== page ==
When Princeton hockey alumnus Jack Berger moved to Sweden to play in the Division I league, he thought the coffee was free.
“It’s different there, it’s like serve yourself. They just put out pots of coffee. I’m like, oh, this great. You just go places and you get free coffee. I really like that about Sweden,” Berger said.
One day, Berger chose to go out for fika – a traditional Swedish coffee break.
“I guess you’re supposed to do it in a group like socially, but I didn’t know because I hadn’t been on one yet,” Berger said.
He went by himself, read a book, had a pastry and had four cups of free coffee.
“We’re at the rink the next day and the guys are making fun of me for going by myself,” Berger said.
Berger asked his teammates to show him what fika really is, so the next day Berger and several of his teammates went to another coffee shop.
“They’re in front of me and they’re paying for coffee,” Berger said. “We get our pastries and they’re like, ‘So what do you think?’
“I’m like, ‘This is great, but I think I like the place with the free coffee a little bit better.’
“They’re like, ‘What are you talking about? You can’t get free coffee anywhere.”
Berger was surprised.
“Apparently you’re supposed to pay for coffee everywhere and I was just stealing it,” Berger said. “So thank god no one ever caught me or got mad at me, because it’s this tiny town. I would’ve been banned so all of the pastry shops for the rest of the year.
“But that was kind of the wake-up moment that maybe I should ask people how things work over there. But I did not get in trouble. They gave me a hard time about that for I think literally the rest of the year.”
It was one cultural difference Berger encountered while spending his post-graduate year playing professional hockey in Sweden.
“It’s just much more of a laid back culture. They just kind of take life a little bit slower. I think they have different values, different priorities,” Berger said. “They value their leisure, they value their free time. They really sitting down and relaxing and being with friends and family,”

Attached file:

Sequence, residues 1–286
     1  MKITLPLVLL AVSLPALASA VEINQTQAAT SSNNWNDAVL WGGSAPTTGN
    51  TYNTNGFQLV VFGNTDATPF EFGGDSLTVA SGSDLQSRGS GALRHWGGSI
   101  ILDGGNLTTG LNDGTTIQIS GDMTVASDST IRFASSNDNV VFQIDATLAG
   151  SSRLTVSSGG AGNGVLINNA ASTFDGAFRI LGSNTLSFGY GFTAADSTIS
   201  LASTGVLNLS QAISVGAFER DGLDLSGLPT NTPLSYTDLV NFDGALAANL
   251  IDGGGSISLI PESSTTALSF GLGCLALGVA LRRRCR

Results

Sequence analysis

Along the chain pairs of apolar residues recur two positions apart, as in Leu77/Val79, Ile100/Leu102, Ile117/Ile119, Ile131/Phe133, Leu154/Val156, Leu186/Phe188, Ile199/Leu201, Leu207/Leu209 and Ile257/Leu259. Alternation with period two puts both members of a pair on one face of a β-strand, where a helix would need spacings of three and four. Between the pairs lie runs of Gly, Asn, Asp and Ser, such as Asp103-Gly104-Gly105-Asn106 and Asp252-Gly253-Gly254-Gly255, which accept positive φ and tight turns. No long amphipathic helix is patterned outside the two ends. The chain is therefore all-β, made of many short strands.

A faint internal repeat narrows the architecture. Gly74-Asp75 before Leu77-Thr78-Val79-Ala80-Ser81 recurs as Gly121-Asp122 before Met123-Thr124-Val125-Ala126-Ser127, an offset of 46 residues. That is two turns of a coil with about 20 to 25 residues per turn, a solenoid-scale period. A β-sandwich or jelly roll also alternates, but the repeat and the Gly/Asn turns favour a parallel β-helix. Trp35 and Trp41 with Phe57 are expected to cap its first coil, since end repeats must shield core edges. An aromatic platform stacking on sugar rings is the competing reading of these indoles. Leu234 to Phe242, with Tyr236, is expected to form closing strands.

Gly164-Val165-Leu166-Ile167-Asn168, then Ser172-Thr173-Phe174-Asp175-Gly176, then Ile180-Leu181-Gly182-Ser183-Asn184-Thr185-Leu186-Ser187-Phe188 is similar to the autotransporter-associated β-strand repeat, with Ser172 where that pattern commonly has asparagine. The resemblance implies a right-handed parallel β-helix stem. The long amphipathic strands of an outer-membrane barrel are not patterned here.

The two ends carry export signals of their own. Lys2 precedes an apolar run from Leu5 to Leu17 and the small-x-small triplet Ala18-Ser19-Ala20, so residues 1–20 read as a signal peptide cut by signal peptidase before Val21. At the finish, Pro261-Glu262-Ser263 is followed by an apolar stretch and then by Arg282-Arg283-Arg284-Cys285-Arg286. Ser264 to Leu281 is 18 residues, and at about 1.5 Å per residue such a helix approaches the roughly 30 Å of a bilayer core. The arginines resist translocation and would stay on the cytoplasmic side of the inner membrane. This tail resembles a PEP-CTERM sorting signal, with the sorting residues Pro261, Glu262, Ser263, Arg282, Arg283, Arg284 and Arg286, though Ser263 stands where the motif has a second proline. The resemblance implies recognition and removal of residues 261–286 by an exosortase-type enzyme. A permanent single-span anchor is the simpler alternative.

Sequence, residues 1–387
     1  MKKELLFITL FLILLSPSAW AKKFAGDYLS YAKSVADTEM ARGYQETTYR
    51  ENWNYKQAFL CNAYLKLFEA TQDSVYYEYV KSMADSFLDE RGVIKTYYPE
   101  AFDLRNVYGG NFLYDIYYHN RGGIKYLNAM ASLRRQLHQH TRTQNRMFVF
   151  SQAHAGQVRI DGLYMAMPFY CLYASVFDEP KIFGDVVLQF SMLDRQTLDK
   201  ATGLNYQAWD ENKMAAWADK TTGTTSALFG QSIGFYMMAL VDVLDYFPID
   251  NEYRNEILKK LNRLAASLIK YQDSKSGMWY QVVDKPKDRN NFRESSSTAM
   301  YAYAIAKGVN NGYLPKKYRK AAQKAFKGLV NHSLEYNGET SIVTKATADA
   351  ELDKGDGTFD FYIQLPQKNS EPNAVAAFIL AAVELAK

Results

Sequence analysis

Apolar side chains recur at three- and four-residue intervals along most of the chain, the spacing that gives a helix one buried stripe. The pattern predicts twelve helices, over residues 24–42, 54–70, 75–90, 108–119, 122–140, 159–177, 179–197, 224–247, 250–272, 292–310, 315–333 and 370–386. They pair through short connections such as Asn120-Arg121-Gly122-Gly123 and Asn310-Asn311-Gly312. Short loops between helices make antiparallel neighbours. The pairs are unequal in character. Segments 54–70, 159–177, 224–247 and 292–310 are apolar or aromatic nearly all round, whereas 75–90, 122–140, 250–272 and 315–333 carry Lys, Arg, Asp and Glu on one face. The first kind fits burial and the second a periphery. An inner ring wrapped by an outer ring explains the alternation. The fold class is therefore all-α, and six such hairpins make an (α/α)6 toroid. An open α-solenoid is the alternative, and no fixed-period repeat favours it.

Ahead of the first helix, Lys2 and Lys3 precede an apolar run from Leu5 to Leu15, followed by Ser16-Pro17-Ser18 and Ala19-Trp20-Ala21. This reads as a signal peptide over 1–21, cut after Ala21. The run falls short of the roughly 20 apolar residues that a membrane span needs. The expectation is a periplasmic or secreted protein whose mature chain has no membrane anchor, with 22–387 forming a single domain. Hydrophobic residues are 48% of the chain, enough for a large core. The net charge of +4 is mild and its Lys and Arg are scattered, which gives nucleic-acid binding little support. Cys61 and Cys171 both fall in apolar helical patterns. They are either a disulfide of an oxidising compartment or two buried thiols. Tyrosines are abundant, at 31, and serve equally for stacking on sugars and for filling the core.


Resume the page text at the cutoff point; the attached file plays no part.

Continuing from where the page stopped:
While the focus on family and friends doesn’t differ too much from life in the U.S., Berger said Sweden isn’t as focused on working.
“They just seem much more level-headed and balanced about everything,” Berger said. “I think that’s the biggest thing with that culture. They are so, so good at doing everything in moderation [and] they’re just very balanced people.”
The former Princeton captain had hoped to play in Sweden due to his Swedish heritage, and he heard good things about the Nybro organization from a family friend.
“It was definitely a bit of an adjustment in terms of buying groceries in a different language and cooking and living on my own, but the team was really great. … They did a very good job taking care of myself and the other imports,” Berger said.
Hockey in Sweden offered a different style of play, one that was more focused skating and training.
“I think one of the biggest factors is that they play on any Olympic ice sheet and so that changes the way that you can play a lot,” Berger said.
Berger said the game isn’t as physical and Sweden and is more reliant on skating.
“It’s not as much stopping and starting. It’s a lot of maintaining speed and maintaining possession,” Berger said. “I think that means the priority really changes the way the game is played. It’s a lot of systems and it’s not as much forechecking. You really are more careful with your chances. It was a different style and I had to learn to kind of control my play a little bit more, which people don’t do as much in college.”
For Berger, the most memorable moment came from a weekend when Nybro needed to win to earn a place outside the lower playoffs. But the Vikings played poorly for the first two periods.
“We went into the locker room before the third and a bunch of guys just were very honest about what we needed to do, what we had done and what was on the line,” Berger said.
The Vikings trailed by two goals, but came back in the third and won the game.
“It was a huge game for us down the line in the season,” Berger said. “It’s just [a] really cool, strong bonding experience that we were able to pull that off and battle through with almost everything on the line.”
While spending the year abroad, Berger traveled during his winter break and after the season ended. He visited Copenhagen, Stockholm and London. After the season ended, Berger and some teammates toured Gothenburg and Helsinki. He then traveled for two and half weeks, visiting Berlin, Prague, Barcelona, Paris, Brussels, Amsterdam and Hamburg.
“I’d never been to Europe before and I didn’t really know what to expect,” Berger said. “It was just nice to see that at the end of the day, at least in the hockey community. … I think the people are just people.
“We might come from different backgrounds and there might be differences in opinions and things like that, but I think that if you’re open to communication and friendly that you could really connect with anyone, no matter where they’re from or where you’re from.”